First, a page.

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With nearly a week of freezing cold temperatures hitting parts of New England, Concord carpenter Rob Robillard has some tips for keeping your home safe.
Ice Expands, Pipes Don't
Robillard reminds homeowners that the volume of water can expand 9 percent when frozen.
"To avoid frozen pipes, homeowners should have adequate insulation where pipes run along outside walls, floors and ceilings," he says. "Disconnecting outside garden hoses, wrapping exposed pipes with insulating pipe sleeves, and sealing foundation cracks that let cold air all help."
What Pipes Are Most Susceptible To Freezing?
- Water and heating pipes running along outside walls.
- Pipes that run near basement walls or windows that have little or no insulation.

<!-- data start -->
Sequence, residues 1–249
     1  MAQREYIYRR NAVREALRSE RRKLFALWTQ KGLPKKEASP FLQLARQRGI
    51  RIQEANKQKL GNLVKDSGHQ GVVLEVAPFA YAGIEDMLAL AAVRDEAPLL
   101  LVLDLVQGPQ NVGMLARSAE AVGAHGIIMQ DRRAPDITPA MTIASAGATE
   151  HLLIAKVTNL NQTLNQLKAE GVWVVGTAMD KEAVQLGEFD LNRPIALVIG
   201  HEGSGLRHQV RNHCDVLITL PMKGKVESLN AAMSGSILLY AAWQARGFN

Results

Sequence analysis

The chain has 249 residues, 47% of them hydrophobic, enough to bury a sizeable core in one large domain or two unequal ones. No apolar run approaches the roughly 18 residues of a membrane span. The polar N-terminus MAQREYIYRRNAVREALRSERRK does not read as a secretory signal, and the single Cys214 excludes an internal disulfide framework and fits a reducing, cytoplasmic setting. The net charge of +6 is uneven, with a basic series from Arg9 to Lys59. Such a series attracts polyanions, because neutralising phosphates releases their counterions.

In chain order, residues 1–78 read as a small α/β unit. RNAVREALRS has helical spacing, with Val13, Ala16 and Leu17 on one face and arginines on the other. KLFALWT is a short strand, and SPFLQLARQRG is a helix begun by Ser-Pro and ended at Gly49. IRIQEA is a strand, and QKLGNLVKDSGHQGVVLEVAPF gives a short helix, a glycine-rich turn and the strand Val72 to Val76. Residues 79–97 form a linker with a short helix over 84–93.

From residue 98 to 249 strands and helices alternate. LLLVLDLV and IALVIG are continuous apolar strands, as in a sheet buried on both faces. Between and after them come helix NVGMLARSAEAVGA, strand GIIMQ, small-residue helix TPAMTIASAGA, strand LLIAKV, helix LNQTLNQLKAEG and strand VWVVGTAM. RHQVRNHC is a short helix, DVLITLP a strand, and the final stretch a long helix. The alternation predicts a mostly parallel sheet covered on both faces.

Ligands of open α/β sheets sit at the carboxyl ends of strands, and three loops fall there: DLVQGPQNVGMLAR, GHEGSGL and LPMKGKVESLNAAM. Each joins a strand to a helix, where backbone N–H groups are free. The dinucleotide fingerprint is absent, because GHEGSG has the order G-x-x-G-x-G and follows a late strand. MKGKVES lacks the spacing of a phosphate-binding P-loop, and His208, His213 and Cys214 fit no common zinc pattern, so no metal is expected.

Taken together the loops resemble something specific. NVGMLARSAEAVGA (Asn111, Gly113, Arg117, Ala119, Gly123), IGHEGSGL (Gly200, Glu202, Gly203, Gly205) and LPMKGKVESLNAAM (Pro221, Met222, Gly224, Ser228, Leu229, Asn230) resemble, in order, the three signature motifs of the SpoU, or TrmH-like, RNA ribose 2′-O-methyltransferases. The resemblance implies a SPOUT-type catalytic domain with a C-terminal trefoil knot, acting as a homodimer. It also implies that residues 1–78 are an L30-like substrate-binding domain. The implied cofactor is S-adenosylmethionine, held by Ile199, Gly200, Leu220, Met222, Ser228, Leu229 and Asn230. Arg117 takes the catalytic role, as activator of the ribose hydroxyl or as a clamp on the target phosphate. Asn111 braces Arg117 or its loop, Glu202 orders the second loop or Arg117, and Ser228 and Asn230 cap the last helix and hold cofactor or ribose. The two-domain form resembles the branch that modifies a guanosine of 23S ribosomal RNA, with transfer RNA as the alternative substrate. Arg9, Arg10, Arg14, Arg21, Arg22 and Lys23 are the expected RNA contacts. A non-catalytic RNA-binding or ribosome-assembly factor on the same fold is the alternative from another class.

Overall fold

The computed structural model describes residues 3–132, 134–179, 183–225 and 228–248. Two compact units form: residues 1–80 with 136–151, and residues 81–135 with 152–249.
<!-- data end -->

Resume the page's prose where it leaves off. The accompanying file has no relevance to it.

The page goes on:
- Pipes in crawl spaces.
- Outdoor hose bibs.
- Swimming pool supply lines.
- Water sprinkler lines.
- Water supply pipes in unheated interior areas like basements and crawl spaces, attics, garages, or kitchen cabinets.
- Pipes in an unheated house or structure.
How To Avoid Freezing Pipes
Build Well: Robillard says that a well thought-out building design (like on the interior walls) is the best way to ensure that pipes don't freeze.
Install Anti Freeze Exterior Faucets: "These outdoor faucets have a long stem that extends through the house wall and controls a valve inside the house, away from the cold exterior wall," he says. "Water doesn't stand in the portion of the pipe or faucet outside the wall where it could freeze."
Seal All Air Drafts And Leaks In The Basement: Even a small pinhole air leak can let air freeze an unprotected water pipe.
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